Hot Buttered
June 27, 1951 — The News

The Mossadegh Project | October 13, 2017                                                         


Lead and sole editorial in The News of Adelaide, Australia, a newspaper owned by Rupert Murdoch’s father, journalist Keith Murdoch. Rupert took over as publisher after Keith died in October 1952.



The News (Adelaide, Australia)

Persia now has its problem

FIRMNESS is the only course for Britain now in the Persian oil crisis.

The fact that Persia has nationalised the oil industry created by the Anglo-Iranian Oil Co. must be accepted. The immediate need is to ensure the safety of British subjects on the oil fields, and get British tankers away from the port of Abadan.

That is why Britain has ordered a cruiser to the Abadan area, and instructed tankers to leave Abadan forthwith. And it seems clear, from the statement by the Foreign Secretary (Mr. Morrison) yesterday, that Britain will take any further steps considered necessary if the Persian Government fails in its responsibilities. [Herbert Morrison]

Beyond protecting British lives, it is difficult to see what more the Brtish [sic] Government can do at this stage. Britain could not attempt to hold Abadan and the oilfields by force except at risk of starting a major war, or at the least of being accused before UN of being an aggressor.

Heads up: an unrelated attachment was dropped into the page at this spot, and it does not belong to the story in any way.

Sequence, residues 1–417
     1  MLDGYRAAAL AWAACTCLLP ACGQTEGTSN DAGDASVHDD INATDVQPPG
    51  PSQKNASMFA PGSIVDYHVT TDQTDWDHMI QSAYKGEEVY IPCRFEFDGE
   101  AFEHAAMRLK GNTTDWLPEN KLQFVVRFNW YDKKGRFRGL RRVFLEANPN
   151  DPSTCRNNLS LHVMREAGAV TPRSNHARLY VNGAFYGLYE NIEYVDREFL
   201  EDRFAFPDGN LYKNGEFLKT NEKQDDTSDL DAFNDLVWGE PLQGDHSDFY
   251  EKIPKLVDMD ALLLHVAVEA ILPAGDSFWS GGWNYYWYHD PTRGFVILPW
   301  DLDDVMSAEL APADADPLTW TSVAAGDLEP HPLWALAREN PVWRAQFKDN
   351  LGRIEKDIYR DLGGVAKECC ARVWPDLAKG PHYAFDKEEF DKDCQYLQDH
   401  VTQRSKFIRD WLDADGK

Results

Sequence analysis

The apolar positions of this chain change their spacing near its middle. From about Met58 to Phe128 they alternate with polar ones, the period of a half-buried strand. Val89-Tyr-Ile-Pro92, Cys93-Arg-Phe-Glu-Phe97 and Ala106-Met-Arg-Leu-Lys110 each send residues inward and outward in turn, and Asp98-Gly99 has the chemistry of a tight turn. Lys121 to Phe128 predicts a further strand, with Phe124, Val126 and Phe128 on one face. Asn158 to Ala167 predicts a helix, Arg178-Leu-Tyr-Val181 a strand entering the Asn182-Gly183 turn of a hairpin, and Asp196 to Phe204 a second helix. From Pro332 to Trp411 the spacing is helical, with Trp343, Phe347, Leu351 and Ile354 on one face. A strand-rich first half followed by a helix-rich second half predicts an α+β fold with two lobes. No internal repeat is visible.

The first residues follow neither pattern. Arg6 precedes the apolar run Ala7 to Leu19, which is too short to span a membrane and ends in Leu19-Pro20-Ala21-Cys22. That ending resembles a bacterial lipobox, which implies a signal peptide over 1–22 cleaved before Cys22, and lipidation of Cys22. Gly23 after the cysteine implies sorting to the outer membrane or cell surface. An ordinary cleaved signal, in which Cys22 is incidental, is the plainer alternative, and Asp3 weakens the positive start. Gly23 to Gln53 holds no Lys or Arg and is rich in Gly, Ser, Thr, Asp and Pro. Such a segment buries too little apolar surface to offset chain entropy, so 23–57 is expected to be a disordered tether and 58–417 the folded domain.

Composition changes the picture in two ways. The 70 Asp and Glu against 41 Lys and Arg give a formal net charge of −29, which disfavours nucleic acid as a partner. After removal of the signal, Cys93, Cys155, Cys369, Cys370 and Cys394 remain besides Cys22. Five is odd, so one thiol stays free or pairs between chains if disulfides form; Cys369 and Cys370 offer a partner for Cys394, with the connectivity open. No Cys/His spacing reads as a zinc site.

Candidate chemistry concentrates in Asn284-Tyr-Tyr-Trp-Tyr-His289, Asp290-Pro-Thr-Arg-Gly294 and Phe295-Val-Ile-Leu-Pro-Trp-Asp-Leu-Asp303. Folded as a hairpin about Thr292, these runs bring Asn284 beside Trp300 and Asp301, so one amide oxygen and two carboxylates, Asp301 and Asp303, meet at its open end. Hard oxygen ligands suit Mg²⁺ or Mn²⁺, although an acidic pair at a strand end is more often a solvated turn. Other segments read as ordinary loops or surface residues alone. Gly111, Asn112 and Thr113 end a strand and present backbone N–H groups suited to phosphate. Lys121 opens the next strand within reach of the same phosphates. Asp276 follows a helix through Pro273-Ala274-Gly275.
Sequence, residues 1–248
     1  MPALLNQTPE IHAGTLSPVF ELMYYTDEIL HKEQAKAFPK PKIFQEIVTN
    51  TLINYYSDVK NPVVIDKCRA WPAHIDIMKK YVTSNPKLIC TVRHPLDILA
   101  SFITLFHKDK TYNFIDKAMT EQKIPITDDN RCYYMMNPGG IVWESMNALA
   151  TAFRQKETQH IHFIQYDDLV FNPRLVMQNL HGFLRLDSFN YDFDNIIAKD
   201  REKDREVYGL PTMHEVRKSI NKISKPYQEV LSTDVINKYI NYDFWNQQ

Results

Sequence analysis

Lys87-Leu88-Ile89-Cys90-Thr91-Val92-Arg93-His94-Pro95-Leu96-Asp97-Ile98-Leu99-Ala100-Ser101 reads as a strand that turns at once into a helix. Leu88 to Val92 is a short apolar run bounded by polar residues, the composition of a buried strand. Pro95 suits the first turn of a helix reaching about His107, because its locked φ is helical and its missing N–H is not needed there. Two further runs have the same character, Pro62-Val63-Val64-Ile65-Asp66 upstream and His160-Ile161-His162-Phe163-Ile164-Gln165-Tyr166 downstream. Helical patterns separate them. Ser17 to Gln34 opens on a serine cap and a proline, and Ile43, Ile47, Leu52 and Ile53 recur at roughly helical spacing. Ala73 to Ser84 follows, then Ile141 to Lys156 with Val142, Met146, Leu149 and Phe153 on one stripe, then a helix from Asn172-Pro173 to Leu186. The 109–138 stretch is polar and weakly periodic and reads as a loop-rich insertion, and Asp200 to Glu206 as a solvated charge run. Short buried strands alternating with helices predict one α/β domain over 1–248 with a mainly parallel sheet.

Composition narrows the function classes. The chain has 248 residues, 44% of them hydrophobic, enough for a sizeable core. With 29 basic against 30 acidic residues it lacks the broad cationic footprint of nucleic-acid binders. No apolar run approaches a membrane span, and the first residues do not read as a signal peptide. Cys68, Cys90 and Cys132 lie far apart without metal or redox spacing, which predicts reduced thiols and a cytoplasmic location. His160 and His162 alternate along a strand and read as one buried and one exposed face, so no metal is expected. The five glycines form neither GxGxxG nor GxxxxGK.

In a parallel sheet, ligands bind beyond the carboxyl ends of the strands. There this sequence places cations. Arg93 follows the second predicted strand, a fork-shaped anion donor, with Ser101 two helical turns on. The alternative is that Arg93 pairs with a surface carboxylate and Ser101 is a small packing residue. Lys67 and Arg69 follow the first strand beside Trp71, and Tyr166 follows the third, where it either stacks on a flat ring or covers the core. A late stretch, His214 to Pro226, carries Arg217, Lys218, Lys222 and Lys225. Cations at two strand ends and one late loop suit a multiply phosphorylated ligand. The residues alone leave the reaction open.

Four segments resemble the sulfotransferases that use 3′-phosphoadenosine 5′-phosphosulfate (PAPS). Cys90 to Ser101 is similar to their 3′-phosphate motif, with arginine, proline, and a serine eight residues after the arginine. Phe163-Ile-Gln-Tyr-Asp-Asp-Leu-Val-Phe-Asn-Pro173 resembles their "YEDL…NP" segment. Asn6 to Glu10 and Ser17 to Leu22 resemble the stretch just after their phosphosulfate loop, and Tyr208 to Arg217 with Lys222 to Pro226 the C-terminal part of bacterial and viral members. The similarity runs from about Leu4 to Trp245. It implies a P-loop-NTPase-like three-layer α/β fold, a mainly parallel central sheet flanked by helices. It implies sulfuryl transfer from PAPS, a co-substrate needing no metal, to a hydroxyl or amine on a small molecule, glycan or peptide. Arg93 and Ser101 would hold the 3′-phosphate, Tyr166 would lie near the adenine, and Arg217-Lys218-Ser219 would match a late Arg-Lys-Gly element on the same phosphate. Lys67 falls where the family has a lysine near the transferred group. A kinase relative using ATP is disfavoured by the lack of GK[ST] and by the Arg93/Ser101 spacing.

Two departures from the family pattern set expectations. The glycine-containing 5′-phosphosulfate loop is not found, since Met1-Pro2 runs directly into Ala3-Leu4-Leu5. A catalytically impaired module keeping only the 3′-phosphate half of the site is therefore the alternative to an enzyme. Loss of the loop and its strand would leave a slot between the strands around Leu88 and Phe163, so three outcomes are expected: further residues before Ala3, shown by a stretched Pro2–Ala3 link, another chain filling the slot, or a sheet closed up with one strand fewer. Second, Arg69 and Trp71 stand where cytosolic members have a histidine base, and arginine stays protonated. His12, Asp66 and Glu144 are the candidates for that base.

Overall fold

But if the situation is acutely difficult for Britain, it has its problems for the Persians also. Persia’s dependence on British oil technicians was underlined by the broadcast appeal of Premier Mossadeq for Anglo-Iranian Oil Co. employes to stay on the job for the Persian Government.

But it is hard to follow Dr. Mossadeq’s reasoning if he expects any of the 3,000 Britons on the oilfields to remain under the shadow of the Persian Government's proposed “anti-sabotage” laws.

An authoritative view is that it would take Persia months, maybe a year, to get experts from other countries to run Abadan refinery. Even if Persia does operate the oilfields efficiently, there are likely to be marketing difficulties if the British market and British tankers are excluded. So that Persia may have to wait a long time before obtaining the oilfields profits which it demands.

The US Secretary of State (Mr. Acheson) said yesterday the situation in Persia appeared to be moving toward disaster. [Dean Acheson] While “disaster” is probably too strong a term at the moment, the situation is very serious. Everything depends on whether the Persian Government, confronted now with resolute British action, will suddenly realise on which side its bread is really buttered.

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Related links:

Persia Is The Real Loser | The News (Adelaide), March 18, 1952

Iran Dangers Continue | The Salt Lake Tribune, July 8, 1951

The Road To Disaster In Persia | The Sydney Morning Herald, June 28, 1951



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